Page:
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While the Republican-majority U.S. Congress has favored less regulation of big business, one GOP lawmaker, Rep. Chris Smith of New Jersey, has shown a willingness to regulate technology and Internet businesses in their dealings with China. Smith held prominent hearings on Capitol Hill on Feb. 15, compelling representatives from Google, Yahoo, Microsoft and Cisco to answer criticism of their collaboration with the Chinese government in censoring the Internet and turning over data on cyberdissidents.

Plus, Smith went a step further beyond the rhetoric, introducing a bill — co-authored by Rep. Tom Lantos (D-Ca.) — called the Global Online Freedom Act of 2006 (PDF file), which would put limits on how American companies do business with China.

While many businesses working within China are worried that the bill will hurt their bottom lines, one human rights group based in France is ready to help support the bill’s passage. Reporters Without Borders (also known as Reporters Sans Frontieres or RSF) has been following freedom of press issues for 18 years, and the group has long been critical of Yahoo, Google, MSN, Cisco and other Western companies who have collaborated with the Chinese government in surveillance and censorship.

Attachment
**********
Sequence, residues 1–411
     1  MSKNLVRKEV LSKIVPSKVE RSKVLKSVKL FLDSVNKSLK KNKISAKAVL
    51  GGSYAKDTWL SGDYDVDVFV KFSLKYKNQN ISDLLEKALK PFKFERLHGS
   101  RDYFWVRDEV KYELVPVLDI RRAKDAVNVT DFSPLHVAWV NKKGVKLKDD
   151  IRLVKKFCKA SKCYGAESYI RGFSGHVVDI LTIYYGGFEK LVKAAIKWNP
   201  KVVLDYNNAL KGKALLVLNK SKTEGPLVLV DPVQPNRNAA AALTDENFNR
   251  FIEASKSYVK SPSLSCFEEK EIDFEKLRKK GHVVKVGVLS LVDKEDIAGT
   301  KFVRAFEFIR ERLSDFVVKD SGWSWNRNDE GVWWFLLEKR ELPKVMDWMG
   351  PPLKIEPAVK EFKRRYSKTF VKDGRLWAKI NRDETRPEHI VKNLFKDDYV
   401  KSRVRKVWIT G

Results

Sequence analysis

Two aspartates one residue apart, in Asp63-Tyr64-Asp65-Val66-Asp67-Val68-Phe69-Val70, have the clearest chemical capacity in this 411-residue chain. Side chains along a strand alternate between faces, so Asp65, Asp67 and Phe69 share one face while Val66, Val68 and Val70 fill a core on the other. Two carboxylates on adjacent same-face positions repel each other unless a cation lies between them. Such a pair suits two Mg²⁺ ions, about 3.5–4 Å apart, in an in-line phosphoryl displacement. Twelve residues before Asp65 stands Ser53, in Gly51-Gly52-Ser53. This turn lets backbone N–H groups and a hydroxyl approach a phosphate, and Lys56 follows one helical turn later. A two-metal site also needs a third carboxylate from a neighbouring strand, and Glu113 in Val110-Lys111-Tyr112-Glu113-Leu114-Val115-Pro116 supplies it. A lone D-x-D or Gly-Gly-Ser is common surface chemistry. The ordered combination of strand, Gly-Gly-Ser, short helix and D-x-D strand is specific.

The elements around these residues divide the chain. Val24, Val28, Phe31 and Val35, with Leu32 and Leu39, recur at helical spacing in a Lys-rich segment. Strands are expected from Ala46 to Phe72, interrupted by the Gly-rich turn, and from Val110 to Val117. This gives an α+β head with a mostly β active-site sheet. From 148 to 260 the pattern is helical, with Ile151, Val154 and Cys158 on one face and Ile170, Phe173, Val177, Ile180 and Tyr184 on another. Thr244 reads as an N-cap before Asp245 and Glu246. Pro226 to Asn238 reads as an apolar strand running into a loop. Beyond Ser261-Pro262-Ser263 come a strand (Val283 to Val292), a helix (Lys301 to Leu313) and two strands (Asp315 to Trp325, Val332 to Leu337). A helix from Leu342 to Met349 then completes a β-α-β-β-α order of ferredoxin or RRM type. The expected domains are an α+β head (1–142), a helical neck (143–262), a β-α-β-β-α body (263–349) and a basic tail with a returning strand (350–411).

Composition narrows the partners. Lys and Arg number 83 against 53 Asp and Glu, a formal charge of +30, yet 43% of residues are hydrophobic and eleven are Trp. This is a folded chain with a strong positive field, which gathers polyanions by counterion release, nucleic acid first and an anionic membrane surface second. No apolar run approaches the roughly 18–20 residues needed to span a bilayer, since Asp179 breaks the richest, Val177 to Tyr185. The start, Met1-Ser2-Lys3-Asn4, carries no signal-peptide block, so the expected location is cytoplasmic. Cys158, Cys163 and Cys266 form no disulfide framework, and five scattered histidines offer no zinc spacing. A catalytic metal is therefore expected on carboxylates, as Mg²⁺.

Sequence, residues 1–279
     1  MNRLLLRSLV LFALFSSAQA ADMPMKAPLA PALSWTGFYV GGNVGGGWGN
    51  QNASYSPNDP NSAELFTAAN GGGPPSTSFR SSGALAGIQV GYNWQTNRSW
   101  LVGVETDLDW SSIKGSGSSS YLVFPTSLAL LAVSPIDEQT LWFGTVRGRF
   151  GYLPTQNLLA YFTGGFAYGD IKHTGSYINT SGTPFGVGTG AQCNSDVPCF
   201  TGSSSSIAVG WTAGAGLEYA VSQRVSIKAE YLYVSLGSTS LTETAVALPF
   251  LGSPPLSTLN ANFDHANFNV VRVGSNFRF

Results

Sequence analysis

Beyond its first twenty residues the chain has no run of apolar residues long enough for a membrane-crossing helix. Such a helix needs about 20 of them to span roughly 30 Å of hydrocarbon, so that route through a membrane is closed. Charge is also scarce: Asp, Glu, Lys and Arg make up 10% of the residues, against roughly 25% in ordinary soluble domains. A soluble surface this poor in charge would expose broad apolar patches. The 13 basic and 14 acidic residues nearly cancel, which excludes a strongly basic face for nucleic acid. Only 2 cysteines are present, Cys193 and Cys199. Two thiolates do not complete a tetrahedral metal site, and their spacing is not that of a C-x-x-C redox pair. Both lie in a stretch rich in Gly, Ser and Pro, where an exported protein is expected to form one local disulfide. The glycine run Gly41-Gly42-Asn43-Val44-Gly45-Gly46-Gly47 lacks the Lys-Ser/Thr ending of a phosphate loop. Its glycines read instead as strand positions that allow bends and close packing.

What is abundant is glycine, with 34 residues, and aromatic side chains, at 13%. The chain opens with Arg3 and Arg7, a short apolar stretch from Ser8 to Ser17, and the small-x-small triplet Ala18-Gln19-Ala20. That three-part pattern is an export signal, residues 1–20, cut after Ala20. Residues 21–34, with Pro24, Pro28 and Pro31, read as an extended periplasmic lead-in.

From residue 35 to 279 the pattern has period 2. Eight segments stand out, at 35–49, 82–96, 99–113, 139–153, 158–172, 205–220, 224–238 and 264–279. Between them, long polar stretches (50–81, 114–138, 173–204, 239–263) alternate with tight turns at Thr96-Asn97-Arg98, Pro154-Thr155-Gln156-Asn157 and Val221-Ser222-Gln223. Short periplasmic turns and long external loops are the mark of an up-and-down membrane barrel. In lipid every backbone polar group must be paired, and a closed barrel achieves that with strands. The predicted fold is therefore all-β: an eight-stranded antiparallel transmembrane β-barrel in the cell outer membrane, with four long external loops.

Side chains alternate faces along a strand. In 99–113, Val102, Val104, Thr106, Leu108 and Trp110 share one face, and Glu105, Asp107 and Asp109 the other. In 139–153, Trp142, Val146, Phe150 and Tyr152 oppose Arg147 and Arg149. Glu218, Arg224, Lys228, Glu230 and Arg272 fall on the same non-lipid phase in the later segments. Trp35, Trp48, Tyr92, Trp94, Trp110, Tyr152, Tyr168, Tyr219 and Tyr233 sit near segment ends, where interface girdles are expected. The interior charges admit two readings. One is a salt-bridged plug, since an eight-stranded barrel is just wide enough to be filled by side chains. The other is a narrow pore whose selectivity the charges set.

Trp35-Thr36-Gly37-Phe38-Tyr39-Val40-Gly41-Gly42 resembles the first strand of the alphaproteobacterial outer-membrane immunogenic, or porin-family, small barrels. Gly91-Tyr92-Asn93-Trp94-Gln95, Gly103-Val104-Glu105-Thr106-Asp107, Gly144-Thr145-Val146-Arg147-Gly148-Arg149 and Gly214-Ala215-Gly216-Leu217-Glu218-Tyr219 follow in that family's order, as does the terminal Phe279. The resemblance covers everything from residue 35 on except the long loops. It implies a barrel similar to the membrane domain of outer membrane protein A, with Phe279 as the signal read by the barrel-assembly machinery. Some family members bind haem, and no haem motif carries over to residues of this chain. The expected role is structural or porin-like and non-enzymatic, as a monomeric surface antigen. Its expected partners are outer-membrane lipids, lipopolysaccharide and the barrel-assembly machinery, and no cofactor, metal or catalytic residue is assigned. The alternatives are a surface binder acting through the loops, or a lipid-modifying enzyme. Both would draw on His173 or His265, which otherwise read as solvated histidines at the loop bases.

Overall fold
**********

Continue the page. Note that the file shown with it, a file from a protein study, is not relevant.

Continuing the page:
The group first unearthed details that Yahoo Hong Kong had turned over data to China’s state security authorities to help convict journalist Shi Tao to 10 years in prison last April. And just yesterday, RSF found that both Yahoo and Chinese competitor Sina turned over information on cyberdissident Li Zhi’s email account. Zhi is a former official who was sentenced to eight years in prison for “inciting subversion” via the Internet.

Julien Pain (pictured above), who leads the Internet desk for RSF, told me the group will cajole U.S. representatives to support the bill and get it passed. So far, Google, Yahoo, Microsoft and Cisco have not commented on what they think about the proposed legislation. In the coming days, I will do my best to get them to talk in-depth on the record about this bill and the issue of collaborating with the Chinese government.

I spoke at length today with Pain, and the following is an edited transcript of our phone conversation.